no flashback! (Preface opens w/memory, though)
Badger’s Daughter (page 211)
flashback to unspecified time, mtg w/lawyer, etc.
Epilogue: Spinning with the Hawks (page 221)
unspecified time, [implied] Cheyenne
Acknowledgements (page 231)
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Linda Answers Some Questions About Feels Like Far
Question: Is that you on the cover?
Yep. My husband, George Snell, took the photo probably around 1986. It was a casual shot made one day when George just happened to have the camera, but it ended up being used as the cover photo.
I’m pretty sure the horse I’m on is Ginger; I was riding her at that time and she had that longer blaze on her nose. But Oliver was very dark as a colt too-- though later he turned into "an old white horse"-- so I'm not 100% positive it's not him.
I remember that some young man from the company called me around the book publication date and insisted on having George’s address so they could pay him for the photo. Of course this guy didn't know my husband had died ten years before, he was some office underling and hadn't read the book. I said something like, "You can't send him a check at his current address." We went back and forth for awhile and then I told the guy the photographer was my husband and he was dead so to send the check to me -- and he didn't want to do that without authorization from the photographer or his heirs! The payment was only something like $25 at most.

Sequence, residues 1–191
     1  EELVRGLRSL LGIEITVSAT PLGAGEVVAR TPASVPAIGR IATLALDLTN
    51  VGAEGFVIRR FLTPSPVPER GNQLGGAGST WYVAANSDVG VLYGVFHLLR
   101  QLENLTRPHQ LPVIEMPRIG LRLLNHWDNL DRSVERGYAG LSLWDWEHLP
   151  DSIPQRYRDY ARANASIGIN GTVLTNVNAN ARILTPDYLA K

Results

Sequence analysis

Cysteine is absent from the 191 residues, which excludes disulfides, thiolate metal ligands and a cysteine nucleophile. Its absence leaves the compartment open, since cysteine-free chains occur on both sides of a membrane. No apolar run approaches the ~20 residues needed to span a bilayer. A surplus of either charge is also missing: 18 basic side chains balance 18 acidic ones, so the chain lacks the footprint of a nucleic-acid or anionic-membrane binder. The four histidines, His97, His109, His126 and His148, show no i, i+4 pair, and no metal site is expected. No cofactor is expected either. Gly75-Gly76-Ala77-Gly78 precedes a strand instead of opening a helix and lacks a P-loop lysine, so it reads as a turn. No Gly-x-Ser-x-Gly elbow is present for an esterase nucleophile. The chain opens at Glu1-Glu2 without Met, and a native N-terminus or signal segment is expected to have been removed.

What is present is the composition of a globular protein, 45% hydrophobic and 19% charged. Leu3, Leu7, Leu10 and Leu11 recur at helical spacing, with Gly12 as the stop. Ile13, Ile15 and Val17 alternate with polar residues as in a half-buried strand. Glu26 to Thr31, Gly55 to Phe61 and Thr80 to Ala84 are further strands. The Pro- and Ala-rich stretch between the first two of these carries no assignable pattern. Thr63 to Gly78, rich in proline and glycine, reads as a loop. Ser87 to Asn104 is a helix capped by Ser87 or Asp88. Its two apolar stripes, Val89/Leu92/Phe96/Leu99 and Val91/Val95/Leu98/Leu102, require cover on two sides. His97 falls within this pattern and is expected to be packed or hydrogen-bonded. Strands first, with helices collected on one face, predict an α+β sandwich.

Question: Where did the title of the book come from?
I sometimes ask my readers if they know this, to see if they were paying attention while they read.
It appears on page 212, at the beginning of the chapter called Badger's Daughter. The line is a quote from the movie Jeremiah Johnson, a movie about mountain men starring Robert Redford, that came out in the early 1970s.
Towards the end of the movie the character named "Bear Claw" (played by Will Geer) who was a mentor to Jeremiah Johnson when he first came west, meets up with him again and says, "You've come far, pilgrim."
Jeremiah Johnson says, "Feels like far."
Bear Claw asks him, "Were it worth the trouble?"
And Jeremiah says, "Ahh--what trouble?"
I'll leave it up to the reader to decide why I quoted those lines from the movie.